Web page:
When I was eight I was walking down the promenade at Knott End when an old man came out of the post office, opened a letter and started reading it. My step fell in with his, and I started reading it too.
It took him a minute to realise.
Then he tore his eyes away from the letter and said, ‘Well you’re a right nosey parker, aren’t you?’
I was embarrassed at the time, but I’ve since realised what a gift and a delight it is to be nosey, especially for a writer.
The world is full of conversation snippets and moments of human interaction that are ready and waiting for us to collect and store away for later.
For instance, I never complain about people yelling down their mobile phones on trains; I take notes. I once heard someone say, ‘He always uses charm and other devious tactics,’ which is a line I still hope to use one day.
And who can deny the joy of walking around town at dusk with the windows lit up like stage sets and the curtains not yet drawn?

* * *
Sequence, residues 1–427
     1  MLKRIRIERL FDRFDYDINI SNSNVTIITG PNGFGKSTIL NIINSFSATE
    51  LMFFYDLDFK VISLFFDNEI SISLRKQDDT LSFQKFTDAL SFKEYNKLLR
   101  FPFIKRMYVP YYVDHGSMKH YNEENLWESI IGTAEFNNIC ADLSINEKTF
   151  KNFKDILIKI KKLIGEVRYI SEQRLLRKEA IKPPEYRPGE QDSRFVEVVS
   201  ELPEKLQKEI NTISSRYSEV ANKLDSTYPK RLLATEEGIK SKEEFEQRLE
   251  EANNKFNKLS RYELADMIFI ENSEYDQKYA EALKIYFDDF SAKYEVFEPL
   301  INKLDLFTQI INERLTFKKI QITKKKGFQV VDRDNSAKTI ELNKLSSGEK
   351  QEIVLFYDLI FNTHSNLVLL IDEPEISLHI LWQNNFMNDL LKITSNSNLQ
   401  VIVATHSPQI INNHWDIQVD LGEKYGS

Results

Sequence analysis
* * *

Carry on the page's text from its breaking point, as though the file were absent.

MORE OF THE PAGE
You have to hide it, obviously, this desire to be nosey. I was once listening to a mother berate her grown-up daughter for being a slack housewife. They were standing at the fruit and veg counter in Tesco and the daughter was trying to buy some pre-chopped vegetables. The mother said, ‘When did you young women stop being able to handle a carrot?’ I chortled; at which point they both stopped sniping at each other, and turned and glowered at me.
My daughter, also a writer, recently came back from Costa and repeated the following conversation she’d heard between a couple of college students who appeared to be having a date from hell:
Man: ‘Did you know you’re never more than five metres away from a spider?’
Woman: ‘What if you’re sky diving?’
Man: ‘What an intelligent point!’
I wasn’t surprised that my daughter was taking such notice of the world around her. When she was a toddler a woman in a cafe opened her handbag, but couldn’t see inside for the back of my daughter’s head.
I was so proud.